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Monarch Butterflies and the Plight of Migratory Species

by Caitlin Andrews Each year, on the last day of October, people in Mexico honor their ancestors and deceased loved ones during the holiday of Day of the Dead. Over three days of celebration, they march in parades wearing colorful masks and costumes, build ornate altars, and decorate gravestones with orange marigolds—gifts to the departed. […]

Defeating Malaria: A Vision for the Future

by Serena Blacklow “I was visited by a mother, Tibangwa Sarah, whose daughter had a severe fever. The malaria rapid diagnostic test was negative, so I wrote her a referral to the health centre for more tests. Instead, because she didn’t trust me, she went to the drug shop, bought the wrong drugs and the […]

Shale Gas: The Future of Energy Production?

by Eleni Apostolatos Science classes introduce us to the rather abstract concept of energy—a system’s ability to do work. The world’s current energy dependency proves the basis of this physical fact; from charging our phones to powering our hospitals, energy drives humans’ daily activities. Regardless of where in the globe we stand, we all need […]

A Watchful Eye over Wildlife: Drone Technology & Conservation

by Caitlin Andrews When we think of field biologists, most of us imagine scientists trekking through uncharted rainforests or across endless savannas, armed with only a notebook and a pair of binoculars. These intrepid heroes, such as Jane Goodall, have shown us how much there is to be learned when we leave behind the comforts […]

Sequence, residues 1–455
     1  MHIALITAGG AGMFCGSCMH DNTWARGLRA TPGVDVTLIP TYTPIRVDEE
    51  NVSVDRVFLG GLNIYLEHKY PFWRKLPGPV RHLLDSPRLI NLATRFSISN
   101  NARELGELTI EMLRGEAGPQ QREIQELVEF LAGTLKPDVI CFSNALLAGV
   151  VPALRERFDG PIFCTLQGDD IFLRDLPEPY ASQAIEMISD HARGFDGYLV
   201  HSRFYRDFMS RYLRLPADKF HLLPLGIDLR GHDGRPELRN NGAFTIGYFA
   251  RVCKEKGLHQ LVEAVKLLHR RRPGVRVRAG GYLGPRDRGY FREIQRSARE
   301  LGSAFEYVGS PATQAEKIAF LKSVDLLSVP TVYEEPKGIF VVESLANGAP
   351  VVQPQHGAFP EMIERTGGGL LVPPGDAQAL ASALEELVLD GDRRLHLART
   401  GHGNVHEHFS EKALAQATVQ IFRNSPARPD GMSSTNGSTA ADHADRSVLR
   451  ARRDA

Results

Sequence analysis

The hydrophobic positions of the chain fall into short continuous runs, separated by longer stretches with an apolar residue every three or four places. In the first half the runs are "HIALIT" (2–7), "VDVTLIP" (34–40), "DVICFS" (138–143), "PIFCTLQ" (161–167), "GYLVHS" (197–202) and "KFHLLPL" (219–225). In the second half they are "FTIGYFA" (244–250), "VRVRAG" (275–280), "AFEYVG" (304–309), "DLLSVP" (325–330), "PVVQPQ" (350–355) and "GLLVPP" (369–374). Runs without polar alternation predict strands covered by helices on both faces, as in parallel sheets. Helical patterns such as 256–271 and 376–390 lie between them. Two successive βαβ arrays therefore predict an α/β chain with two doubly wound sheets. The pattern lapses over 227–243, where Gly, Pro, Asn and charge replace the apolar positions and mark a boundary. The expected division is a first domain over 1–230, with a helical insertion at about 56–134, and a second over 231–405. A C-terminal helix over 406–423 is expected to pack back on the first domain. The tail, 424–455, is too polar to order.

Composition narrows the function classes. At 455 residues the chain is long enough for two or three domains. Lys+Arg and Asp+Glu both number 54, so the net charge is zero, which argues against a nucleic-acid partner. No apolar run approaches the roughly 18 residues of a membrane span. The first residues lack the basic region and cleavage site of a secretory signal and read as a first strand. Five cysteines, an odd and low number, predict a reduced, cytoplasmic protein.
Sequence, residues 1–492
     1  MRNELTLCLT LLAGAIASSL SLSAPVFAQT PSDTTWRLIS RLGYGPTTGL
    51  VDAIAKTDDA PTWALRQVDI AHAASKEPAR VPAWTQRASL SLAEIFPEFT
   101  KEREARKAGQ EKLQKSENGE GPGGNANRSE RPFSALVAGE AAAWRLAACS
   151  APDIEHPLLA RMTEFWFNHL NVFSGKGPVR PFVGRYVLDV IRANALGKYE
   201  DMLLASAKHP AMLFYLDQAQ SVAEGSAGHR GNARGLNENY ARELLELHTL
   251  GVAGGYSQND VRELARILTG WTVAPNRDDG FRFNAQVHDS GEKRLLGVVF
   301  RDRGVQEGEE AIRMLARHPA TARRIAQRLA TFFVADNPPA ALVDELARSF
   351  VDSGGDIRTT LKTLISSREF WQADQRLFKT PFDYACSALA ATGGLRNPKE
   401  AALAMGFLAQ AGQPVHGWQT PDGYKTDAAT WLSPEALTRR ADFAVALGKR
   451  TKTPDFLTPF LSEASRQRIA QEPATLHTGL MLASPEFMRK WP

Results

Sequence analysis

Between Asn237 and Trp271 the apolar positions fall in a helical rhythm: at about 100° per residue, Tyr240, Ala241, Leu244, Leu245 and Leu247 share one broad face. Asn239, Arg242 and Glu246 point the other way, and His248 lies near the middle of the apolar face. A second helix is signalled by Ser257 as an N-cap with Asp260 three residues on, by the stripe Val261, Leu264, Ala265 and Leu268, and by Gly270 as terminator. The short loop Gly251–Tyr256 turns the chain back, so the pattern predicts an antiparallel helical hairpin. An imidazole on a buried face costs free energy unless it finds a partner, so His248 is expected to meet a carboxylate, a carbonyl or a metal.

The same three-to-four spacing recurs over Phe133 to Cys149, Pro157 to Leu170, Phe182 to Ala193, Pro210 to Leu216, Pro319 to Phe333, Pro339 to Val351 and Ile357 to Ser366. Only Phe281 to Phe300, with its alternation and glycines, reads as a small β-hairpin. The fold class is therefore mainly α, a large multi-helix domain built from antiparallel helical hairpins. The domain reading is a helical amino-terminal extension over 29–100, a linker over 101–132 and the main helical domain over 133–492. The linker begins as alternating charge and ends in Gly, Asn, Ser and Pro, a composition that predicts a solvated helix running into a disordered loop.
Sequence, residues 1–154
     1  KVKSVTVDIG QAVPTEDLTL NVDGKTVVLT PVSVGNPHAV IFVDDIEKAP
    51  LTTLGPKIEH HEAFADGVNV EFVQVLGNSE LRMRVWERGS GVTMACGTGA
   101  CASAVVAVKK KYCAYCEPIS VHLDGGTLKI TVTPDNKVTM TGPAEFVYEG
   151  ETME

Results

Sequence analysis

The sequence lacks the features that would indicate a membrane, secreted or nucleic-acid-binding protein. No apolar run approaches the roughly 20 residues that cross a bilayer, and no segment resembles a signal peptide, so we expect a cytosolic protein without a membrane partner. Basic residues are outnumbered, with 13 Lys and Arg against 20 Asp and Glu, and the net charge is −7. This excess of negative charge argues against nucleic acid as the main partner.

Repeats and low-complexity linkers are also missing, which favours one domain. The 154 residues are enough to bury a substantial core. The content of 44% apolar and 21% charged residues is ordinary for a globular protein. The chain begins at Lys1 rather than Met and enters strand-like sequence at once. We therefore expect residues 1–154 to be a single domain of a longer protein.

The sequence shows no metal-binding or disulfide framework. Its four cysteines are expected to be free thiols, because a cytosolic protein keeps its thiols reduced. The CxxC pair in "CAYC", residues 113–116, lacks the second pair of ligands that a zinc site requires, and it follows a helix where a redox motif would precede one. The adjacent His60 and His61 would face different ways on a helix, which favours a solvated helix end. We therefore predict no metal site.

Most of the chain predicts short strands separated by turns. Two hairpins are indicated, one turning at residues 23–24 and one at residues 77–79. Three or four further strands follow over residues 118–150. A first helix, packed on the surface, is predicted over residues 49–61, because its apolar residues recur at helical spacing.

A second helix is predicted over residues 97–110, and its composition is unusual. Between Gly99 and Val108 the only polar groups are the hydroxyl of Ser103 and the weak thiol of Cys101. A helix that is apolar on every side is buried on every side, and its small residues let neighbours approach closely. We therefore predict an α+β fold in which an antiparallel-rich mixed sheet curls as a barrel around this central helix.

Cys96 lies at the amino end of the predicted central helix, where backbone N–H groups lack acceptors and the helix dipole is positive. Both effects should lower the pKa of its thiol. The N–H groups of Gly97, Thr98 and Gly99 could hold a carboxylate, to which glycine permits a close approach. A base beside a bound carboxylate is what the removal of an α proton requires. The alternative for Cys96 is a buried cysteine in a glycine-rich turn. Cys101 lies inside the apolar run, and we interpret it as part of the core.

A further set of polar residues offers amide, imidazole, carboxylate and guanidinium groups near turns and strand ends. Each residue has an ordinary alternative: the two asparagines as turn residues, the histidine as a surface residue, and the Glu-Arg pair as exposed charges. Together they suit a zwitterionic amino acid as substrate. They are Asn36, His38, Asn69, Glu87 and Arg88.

Single Cell DNA Sequencing

by Jennifer Walsh Every human grows from a single-celled embryo that contains an entire genome of determinants for what this embryo will become. For each one of us, this single cell became two, then four, and its genome became the genome of every cell in our body. However, over a lifetime of cell divisions and […]

Genome Editing: Is CRISPR/Cas the Answer?

by Jackson Allen For roughly the last 60 years, the focus of molecular biology and genetics has been to better understand the microscopic machinery that regulates the genome of every organism. Such scientists as Matthew Meselson, Rosalind Franklin, James Watson, and Francis Crick helped pave the way for contemporary understanding of molecular genetics. These scientists […]

Astromycology: The “Fungal” Frontier

by Tristan Wang Hollywood movies and horror novels have painted extraterrestrial life as green monsters, scouring the barren grounds of Mars and shooting any intruder with photon lasers. These disturbing imaginations, while far-fetched, do hold some truth about frightening outer space life forms, but not in the ways we imagine. During its orbit as the […]

A Winning Combination Against Drug Resistance

by Ryan Chow Earlier this year, President Obama announced the Precision Medicine Initiative. Proclaiming that the initiative would “lay the foundation for a new generation of lifesaving discoveries,” the President proposed setting aside $215 million to expedite the clinical translation of personalized genetics research.1 The initiative specifically highlights the development of patient-specific cancer therapies as […]

Earth’s Missiles, Ready to Go?

by Eesha Khare In 1991, an unusual phenomenon was observed following the volcanic eruption of Mount Pinatubo in the Philippines. After nearly 20 million tons of sulfur dioxide were launched into the stratosphere1—the second largest eruption of this century—the global temperatures dropped temporarily by 1°F. Amid the large-scale destruction, it seemed the Earth was fighting […]

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